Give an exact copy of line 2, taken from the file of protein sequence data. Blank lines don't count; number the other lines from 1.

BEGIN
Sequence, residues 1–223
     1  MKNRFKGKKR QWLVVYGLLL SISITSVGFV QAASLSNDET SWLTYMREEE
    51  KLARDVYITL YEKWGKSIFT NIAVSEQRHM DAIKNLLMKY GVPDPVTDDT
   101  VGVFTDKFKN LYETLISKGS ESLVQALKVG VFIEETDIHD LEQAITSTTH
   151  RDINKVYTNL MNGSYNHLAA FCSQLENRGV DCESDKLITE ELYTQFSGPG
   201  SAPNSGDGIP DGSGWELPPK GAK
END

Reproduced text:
     1  MKNRFKGKKR QWLVVYGLLL SISITSVGFV QAASLSNDET SWLTYMREEE